Update: Court strikes down state’s ban on sale of violent video games

WASHINGTON ¬ We use our TVs for more than watching TV. There are DVDs (and, for the hardy holdouts, VHS tapes), and time-shifting and on-demand options in the new digital age.

TVs also are used to play video games. And the Supreme Court has opened the floodgates for the most violent of video games to be purchased by minors, striking down a California law that had banned their sale to youngsters, imposing a $1,000 fine for any store that sold violent video games to anyone under 18.

The vote wasn’t close – 7-2 – and the two dissenters represented one each from what is generally regarded as the court’s liberal and conservative wings.

Leland Yee, the California state senator who wrote the law, was clearly unhappy with the high court’s decision. “Unfortunately, the majority of the Supreme Court once again put the interests of corporate America before the interests of our children,” he said in a statement posted on his website June 27, the date of the court’s ruling. “It is simply wrong that the video game industry can be allowed to put their profit margins over the rights of parents and the well-being of children.” Such profits come “at the expense of our kids’ mental health and the safety of our community,” he said.

The video game industry’s annual sales total $10 billion.

U.S. Rep. Joe Baca, D-Calif., said June 27 he would reintroduce a bill that would require the makers of any video game rated T (for teen) or higher to post a health warning, in the manner of those found on cigarette packs: “WARNING: Excessive exposure to violent video games and other violent media has been linked to aggressive behavior.” He sponsored such a bill in 2009, but it went nowhere.

“Research continues to show a proven link between playing violent games and increased aggression in young people,” Baca said in 2009. “American families deserve to know the truth about these potentially dangerous products.”

In his dissent, Justice Stephen Breyer said, “I would find sufficient grounds in these studies and expert opinions for this court to defer to an elected legislature’s conclusion that the video games in question are particularly likely to harm children,” adding his view that the California law passed constitutional muster.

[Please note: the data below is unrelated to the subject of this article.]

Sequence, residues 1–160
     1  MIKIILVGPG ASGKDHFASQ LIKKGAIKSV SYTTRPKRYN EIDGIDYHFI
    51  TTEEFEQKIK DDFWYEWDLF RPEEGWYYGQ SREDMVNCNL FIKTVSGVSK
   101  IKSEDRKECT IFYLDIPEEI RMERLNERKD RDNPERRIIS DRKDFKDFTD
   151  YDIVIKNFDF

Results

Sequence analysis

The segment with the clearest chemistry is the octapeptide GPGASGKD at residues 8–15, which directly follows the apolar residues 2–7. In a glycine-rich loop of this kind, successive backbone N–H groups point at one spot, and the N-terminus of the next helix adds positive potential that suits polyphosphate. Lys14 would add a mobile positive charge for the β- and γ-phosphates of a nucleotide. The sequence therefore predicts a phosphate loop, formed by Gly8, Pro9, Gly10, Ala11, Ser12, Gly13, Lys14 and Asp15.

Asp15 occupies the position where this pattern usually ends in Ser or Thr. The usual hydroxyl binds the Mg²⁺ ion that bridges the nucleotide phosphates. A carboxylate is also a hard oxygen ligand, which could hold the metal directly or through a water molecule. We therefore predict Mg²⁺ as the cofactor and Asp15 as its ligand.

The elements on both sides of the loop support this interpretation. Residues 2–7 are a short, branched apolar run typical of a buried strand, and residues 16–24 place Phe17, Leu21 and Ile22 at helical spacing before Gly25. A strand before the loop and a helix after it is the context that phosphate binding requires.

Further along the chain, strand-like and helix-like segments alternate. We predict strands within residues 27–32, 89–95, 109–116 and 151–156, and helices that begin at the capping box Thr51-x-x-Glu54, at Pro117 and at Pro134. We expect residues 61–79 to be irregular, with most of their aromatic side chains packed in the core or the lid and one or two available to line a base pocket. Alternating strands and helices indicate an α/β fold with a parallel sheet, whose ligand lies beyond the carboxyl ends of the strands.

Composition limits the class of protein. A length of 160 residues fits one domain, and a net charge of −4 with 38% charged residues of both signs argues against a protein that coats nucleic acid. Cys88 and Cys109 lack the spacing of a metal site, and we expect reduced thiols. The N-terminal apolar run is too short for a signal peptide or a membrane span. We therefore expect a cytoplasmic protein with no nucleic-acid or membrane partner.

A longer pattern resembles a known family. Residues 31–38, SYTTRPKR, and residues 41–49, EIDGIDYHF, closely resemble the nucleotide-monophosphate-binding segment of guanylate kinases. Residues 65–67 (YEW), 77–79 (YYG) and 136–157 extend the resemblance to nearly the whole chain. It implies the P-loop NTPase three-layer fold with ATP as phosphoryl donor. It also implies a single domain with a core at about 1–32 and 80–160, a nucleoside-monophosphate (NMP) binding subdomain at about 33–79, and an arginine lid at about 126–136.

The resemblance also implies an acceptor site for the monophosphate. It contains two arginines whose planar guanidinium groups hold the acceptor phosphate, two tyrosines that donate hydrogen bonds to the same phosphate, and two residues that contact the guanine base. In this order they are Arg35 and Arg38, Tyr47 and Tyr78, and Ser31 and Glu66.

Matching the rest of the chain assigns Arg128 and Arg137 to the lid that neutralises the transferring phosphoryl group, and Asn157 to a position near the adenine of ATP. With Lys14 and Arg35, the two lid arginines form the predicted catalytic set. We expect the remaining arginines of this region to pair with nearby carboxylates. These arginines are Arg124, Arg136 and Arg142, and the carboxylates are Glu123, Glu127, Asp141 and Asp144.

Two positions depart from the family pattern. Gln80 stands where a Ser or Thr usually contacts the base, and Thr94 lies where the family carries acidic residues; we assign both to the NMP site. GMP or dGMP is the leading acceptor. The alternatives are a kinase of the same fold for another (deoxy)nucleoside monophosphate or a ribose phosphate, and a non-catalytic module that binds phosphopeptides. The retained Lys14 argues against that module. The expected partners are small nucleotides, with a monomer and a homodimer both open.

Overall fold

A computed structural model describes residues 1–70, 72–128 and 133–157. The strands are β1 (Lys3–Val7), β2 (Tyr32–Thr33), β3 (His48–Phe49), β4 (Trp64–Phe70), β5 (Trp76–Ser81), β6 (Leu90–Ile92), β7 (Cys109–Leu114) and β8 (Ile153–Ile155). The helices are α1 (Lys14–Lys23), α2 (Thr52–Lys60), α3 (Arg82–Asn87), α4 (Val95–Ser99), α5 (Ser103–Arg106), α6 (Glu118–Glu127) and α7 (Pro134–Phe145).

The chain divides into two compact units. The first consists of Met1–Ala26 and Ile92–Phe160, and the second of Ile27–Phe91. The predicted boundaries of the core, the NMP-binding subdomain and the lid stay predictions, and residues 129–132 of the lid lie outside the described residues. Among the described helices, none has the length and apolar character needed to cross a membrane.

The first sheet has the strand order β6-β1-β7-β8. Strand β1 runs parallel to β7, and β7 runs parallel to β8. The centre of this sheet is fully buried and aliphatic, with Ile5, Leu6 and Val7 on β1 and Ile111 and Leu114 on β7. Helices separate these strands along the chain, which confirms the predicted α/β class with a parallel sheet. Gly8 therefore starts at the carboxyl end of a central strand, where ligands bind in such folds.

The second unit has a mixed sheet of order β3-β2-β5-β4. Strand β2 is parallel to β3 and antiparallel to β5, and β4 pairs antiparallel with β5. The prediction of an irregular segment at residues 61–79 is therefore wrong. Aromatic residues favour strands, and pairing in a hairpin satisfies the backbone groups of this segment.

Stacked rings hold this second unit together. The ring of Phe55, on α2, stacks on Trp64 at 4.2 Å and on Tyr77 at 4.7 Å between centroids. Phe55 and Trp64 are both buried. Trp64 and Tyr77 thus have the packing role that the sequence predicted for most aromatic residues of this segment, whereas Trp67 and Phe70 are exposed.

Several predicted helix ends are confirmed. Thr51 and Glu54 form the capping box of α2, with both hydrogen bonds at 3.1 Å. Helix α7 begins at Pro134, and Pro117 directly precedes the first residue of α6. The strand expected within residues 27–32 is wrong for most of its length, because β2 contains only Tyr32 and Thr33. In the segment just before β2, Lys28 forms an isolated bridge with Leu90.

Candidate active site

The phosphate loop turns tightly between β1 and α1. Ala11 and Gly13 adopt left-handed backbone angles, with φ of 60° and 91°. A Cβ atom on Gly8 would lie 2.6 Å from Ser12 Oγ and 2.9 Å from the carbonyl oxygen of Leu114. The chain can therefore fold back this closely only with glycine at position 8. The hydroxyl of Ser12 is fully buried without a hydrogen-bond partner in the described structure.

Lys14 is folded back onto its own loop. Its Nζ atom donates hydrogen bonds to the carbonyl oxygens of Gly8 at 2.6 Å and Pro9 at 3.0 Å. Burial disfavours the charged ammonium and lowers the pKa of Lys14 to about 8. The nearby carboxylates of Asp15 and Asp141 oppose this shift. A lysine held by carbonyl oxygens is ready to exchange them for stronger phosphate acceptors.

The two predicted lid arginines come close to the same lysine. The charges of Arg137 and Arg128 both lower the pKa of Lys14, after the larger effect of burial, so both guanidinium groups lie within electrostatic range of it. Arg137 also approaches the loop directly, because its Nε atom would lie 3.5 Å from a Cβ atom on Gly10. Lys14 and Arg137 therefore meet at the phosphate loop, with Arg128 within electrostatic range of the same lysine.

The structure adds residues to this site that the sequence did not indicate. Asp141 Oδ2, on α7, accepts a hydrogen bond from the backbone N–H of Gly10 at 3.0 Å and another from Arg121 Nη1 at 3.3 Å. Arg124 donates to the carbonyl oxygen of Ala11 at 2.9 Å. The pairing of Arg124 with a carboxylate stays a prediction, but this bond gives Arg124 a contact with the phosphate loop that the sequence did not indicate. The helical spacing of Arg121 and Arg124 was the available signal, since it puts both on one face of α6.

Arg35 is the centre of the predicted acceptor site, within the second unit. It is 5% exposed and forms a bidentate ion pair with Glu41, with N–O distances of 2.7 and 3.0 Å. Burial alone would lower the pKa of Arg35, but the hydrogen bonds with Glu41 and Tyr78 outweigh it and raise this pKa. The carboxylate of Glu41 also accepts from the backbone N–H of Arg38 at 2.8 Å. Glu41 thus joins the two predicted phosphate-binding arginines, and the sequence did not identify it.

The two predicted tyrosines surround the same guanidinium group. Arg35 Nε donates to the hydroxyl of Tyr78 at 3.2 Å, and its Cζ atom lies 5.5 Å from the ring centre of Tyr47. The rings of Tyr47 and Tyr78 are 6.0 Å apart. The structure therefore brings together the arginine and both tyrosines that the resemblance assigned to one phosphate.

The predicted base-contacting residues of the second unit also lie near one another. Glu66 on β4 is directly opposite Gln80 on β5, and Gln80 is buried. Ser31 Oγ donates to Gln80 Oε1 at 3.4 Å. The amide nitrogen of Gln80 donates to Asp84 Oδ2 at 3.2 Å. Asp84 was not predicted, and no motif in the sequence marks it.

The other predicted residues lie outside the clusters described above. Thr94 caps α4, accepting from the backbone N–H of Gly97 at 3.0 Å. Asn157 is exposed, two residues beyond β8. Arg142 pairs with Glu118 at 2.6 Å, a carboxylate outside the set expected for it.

Breyer added, “What sense does it make to forbid selling to a 13-year-old boy a magazine with an image of a nude woman, while protecting the sale to that 13-year-old of an interactive video game in which he actively, but virtually, binds and gags the woman, then tortures and kills her?”

In a separate dissent, Justice Clarence Thomas – considered an “originalist,” meaning that he backs the intent of the Constitution’s original framers – said: “‘The freedom of speech,’ as originally understood, does not include a right to speak to minors – or a right of minors to access speech – without going through the minors’ parents or guardians.”

The justices in the majority considered video games a protected form of speech under the First Amendment. It was the first time the court gave a blanket protection to a communications medium since 1952, when movies got that nod. TV doesn’t qualify for full protection since it uses the airwaves, which are owned by the public and managed in the public’s stead by the government, to transmit content.

The California law “abridges the First Amendment rights of young people whose parents (and aunts and uncles) think violent video games are a harmless pastime,” said the majority opinion, written by Justice Antonin Scalia and joined by four other justices.

Justice Samuel Alito wrote a separate concurring opinion, joined by Chief Justice John Roberts, but he added his belief that a more narrowly tailored law could work, noting the disturbing imagery of some of the games.

“The objective of one game is to rape a mother and her daughters,” Alito said. In another, “players attempt to fire a rifle shot into the head of President Kennedy as his motorcade passes by the Texas School Book Depository.”

The Parents Television Council was none too pleased with the ruling. “When an industry trade group files a federal lawsuit to defend a child’s constitutional rights, the alarm bells should be deafening,” said the group’s president, Tim Winter, in a June 27 statement.

Results of a Rasmussen telephone survey released July 5 show that 67 percent of U.S. adults said states should be able to prohibit the sale or rental of violent games to minors. At the same time 79 percent said parents, not government, have the responsibility to limit children’s access to such games.

Most TVs now carry a V-chip to allow parents to block programs that carry a TV Parental Guideline they don’t want. And while TVs themselves don’t have such a blocking device for objectionable games, what may not be as well known is that the technology exists on video game consoles. In addition, an organization called the Entertainment Software Rating Board offers a rating guide on games for parents.

Pattison is media editor for Catholic News Service. When you keep your eye on TV, what do you see? What are your likes or dislikes? What are your concerns and criticisms? Be as general or as specific as you wish. Send your comments to: Mark Pattison, Media Editor, Catholic News Service, 3211 Fourth St. NE, Washington, DC 20017.

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